“Art washes from the soul the dust of everyday life.”
— Pablo Picasso
What is art? Is it a famous painting hanging in a museum, song lyrics of your favorite song, or a hand-drawn card from a grandchild? Art is an expression that stimulates an individual’s thoughts, emotions, beliefs, or ideas through the senses – so, the famous painting, song lyrics, and hand-drawn card are ALL examples of art.
There are many health benefits to being artistically creative. Studies have shown that expression through art can help with depression, anxiety, and stress. In addition, it has also been linked to improving memory, reasoning, and resilience.
Don’t worry, you don’t have to be Picasso to reap the health benefits! It’s the ACT of creating art that is beneficial, not the artwork itself. There are many ways to get creative, such as through: poetry, painting, pottery, music, and dance, just to name a few.
Let’s look at some of the benefits of art:
- Relieves Anxiety and Stress – Engaging in artmaking can significantly reduce cortisol (“stress hormone”) levels in the body. Why? Creating art is like meditation – it forces the mind to slow down, focus on the details, and block out distractions. Painting, sculpting, drawing, and photography are relaxing and rewarding, and they can leave you feeling mentally clear and calm. Creating art provides a distraction, giving your brain a break from usual thoughts.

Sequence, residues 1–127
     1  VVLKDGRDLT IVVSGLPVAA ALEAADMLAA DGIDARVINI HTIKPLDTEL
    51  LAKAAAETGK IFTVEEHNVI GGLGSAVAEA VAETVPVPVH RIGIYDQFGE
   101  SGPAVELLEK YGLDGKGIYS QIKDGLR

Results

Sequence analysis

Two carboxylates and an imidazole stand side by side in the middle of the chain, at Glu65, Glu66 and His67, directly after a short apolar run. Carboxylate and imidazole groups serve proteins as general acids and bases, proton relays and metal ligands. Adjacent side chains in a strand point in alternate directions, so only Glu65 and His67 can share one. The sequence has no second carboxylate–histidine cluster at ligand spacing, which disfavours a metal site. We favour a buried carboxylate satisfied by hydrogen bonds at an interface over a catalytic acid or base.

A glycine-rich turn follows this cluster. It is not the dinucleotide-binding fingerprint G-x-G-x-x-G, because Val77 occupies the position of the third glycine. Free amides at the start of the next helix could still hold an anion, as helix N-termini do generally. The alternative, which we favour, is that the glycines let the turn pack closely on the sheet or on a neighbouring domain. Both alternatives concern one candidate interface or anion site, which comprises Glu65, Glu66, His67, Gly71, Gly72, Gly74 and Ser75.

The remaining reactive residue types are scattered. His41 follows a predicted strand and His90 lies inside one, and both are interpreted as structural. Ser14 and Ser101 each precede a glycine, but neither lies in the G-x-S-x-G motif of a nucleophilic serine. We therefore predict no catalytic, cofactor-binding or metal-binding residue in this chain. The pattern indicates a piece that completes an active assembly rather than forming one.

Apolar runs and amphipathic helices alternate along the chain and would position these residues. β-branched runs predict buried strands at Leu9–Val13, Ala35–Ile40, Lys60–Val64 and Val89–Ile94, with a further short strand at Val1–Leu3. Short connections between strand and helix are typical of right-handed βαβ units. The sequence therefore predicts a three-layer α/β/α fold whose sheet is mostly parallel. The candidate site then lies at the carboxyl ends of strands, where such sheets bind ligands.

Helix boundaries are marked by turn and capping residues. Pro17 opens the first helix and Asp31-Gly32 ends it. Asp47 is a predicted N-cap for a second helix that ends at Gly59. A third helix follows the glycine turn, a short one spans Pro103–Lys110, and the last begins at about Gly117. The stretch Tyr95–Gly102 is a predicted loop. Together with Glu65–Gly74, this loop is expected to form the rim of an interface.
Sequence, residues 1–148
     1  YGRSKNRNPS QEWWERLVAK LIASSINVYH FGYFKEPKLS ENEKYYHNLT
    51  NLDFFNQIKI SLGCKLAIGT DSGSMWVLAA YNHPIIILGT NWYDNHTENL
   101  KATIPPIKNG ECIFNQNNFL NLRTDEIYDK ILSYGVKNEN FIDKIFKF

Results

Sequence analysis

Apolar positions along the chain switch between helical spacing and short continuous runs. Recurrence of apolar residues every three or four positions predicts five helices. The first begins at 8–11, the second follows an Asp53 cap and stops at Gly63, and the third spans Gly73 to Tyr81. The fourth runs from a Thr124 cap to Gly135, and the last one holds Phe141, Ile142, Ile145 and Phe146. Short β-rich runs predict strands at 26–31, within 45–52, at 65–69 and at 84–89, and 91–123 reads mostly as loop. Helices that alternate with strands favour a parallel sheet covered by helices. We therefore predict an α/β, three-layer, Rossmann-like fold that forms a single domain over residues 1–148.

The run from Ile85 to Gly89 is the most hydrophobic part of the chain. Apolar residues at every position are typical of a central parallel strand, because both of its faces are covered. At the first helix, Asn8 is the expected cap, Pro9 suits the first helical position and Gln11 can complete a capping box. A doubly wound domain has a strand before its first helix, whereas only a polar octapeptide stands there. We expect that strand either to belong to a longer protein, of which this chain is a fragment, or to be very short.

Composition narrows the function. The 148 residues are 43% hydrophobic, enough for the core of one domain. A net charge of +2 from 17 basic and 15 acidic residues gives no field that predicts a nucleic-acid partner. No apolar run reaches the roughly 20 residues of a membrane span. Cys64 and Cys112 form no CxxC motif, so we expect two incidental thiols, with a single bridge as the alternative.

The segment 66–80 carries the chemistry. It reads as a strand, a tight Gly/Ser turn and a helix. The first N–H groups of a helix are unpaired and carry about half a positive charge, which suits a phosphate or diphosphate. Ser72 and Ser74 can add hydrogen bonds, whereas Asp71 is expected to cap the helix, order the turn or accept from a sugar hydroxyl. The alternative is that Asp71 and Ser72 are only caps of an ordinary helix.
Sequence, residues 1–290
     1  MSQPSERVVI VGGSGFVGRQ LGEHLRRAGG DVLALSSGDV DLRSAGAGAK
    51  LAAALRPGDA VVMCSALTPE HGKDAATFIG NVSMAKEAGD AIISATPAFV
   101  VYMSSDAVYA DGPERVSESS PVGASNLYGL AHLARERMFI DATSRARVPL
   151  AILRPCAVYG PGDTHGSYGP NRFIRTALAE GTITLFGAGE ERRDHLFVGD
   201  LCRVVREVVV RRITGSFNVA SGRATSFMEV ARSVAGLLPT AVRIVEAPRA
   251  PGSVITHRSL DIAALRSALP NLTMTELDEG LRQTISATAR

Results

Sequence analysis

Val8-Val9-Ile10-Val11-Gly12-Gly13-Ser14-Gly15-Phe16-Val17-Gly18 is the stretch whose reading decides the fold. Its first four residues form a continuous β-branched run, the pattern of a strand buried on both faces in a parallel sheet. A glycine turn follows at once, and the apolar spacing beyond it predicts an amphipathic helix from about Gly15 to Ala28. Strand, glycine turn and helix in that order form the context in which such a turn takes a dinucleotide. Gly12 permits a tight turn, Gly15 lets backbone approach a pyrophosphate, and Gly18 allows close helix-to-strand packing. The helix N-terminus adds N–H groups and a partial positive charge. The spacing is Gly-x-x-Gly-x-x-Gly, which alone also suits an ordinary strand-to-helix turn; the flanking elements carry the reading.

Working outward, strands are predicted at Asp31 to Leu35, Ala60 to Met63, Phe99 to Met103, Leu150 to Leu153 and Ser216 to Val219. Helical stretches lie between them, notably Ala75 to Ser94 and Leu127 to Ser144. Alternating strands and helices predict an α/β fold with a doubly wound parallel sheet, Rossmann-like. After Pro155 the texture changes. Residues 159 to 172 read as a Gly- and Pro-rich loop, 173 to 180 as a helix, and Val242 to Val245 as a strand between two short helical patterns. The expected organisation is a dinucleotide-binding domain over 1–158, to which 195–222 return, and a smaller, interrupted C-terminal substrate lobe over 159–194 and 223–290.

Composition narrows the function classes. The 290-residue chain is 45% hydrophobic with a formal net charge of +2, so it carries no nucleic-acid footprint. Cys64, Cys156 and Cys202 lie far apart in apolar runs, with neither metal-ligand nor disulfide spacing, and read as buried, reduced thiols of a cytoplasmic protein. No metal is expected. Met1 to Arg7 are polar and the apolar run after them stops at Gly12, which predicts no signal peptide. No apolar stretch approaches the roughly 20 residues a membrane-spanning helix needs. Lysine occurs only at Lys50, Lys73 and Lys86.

- Maintain Fine Motor Skills – Small muscles in the fingers, hands, and wrists are utilized during art creation. These motions, such as holding a paintbrush or pencil, molding clay, or writing poetry, are great for maintaining fine motor skills.
- Socialize and Connect – Art programs provide a community with an opportunity for attendees to share a similar purpose and commitment. You can connect with neighbors over your love of arts and crafts, or your interest in trying a new hobby. If group events don’t interest you, consider getting together with family or friends and work on something together! You get the same benefits, but in a more intimate setting.
Not an artist? That’s ok! Does the idea of a blank canvas intimidate you, but you still want to give art a try? Consider starting off with a paint-by-number or coloring book instead. These allow for creative choices on which colors to choose and allow for artistic independence while providing some guidance.
Art has a positive effect on both the brain and the body. You may find the addition of art into your routine can have a positive impact on your mental and physical health. For more information on the benefits of art or to learn more about therapy and how it can benefit you, please contact the Functional Pathways Therapy Team.
“Everything has its beauty, but not everyone sees it.” – Andy Warhol.